March 13, 2023
Upgrading your studio is one of the better ways to get new inspiration and energy, and of course it’s sometimes the only way to improve your music. But it’s not always about the biggest, most expensive purchase. Studio upgrades may include large and small purchases, but ultimately, they’re really about upgrading your music making. Here are few tips on making the most of your next studio upgrade.
We all know what we do in our studios, and we’re all well aware of what never happens there. Yet somehow, we still often purchase based solely on cool factor or getting “better” stuff. This can lead to overspending and a considerable amount of buyer’s remorse. Instead of just thinking about what’s good or cool, start off by identifying what purpose your studio serves and what you need to improve upon. If your vocals sound awesome and everybody says so, do you really need to upgrade your vocal mic? Do you need a drum kit if you don’t play and drummers never come in?
It could be what you need most to upgrade your process isn’t as interesting. It could be what you really need is an ergonomic chair to save your back or a window covering to keep glare off your monitor.
Obviously, you can’t buy what you can’t afford. Well, you can, but you really shouldn’t! Believe it or not, many recording enthusiasts don’t analyze their budget or even have a budget in mind. Instead, they covet what they don’t have and scramble to make the money work. That’s fine when something crucial needs replacing or you just need a little indulgence, but for regular studio upgrades, do the obvious thing and set the budget first. Then you don’t have to waste time researching and shopping for stuff you can’t get this year anyway.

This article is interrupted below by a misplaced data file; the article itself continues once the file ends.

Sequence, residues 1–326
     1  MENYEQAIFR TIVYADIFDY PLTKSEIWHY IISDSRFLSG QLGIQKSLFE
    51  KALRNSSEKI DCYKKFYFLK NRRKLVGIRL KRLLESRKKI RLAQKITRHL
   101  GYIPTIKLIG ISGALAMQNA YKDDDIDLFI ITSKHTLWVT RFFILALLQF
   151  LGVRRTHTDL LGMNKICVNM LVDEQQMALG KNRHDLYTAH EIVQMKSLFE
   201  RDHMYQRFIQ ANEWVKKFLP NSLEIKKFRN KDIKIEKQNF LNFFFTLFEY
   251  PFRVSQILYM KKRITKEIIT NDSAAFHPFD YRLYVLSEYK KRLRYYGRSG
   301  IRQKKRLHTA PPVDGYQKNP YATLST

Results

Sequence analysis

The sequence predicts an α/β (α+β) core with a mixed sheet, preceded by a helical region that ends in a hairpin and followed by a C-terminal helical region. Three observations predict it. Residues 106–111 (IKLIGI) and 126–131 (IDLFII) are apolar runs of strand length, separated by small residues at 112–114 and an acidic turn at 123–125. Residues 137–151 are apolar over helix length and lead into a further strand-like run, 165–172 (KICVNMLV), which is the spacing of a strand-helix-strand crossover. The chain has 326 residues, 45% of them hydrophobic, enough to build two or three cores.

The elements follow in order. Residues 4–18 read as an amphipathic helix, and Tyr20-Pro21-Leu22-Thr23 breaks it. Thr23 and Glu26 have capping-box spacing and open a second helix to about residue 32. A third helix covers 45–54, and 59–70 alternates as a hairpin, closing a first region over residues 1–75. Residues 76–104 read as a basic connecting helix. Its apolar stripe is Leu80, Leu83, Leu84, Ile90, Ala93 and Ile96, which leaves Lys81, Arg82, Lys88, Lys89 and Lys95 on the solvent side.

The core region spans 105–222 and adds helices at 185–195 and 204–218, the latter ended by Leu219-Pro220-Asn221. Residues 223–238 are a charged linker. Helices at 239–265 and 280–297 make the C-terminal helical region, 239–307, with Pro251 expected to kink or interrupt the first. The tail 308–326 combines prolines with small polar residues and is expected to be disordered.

Another thing many recordists don’t pay attention to is the space they’re in. We’ve talked before about the importance of acoustic treatment, and that’s one of many considerations involving the room itself. Sometimes it really is just about space itself. Do you have room to upgrade from an 8-channel mixer to 24 channels? If you buy a cello, will it sound terrible because you haven’t treated the room?
For that matter are you currently having trouble accomplishing something important, like playing guitar, because something large is in the way? Maybe your upgrade involves selling something or maybe it’s a space-saving device like a keyboard drawer. Maybe you’re torn between one synth and another – is that decision already made for you by available desk space?
You’re probably aware of what you want, and if you weren’t aware of what you actually need before, you may be now. Still, don’t neglect the research stage. Sometimes the most coveted item tends to be the wrong item for the job. This is especially true when it comes to vocal mics. You want the most expensive vintage Telefunken available (who doesn’t?), but what if it doesn’t fit your voice?
Depending on where you live, it can be hard to really evaluate potential new gear, and sometimes you’re not even sure what you need to accomplish your next goal. This is where talking to other recordists can be helpful. If you know you need to improve some part of your process but you’re not sure what to buy to do that, start asking around. Even if the goal is just to treat yourself to something cool, it’s worth poking around to find something you hadn’t thought of.
As mentioned, this can be hard if you live in a remote area, and for some types of gear it’s hard even in big cities, but if you can – test first. Like we said, it’s not really the gear we want (usually), it’s what the gear can do for us. Sometimes we get that wrong if we haven’t used a thing, so, if possible, get into a store and give your potential new purchase a test drive.
If you’re looking for a few not-always-mentioned suggestions to get you started, here’s a quick list:
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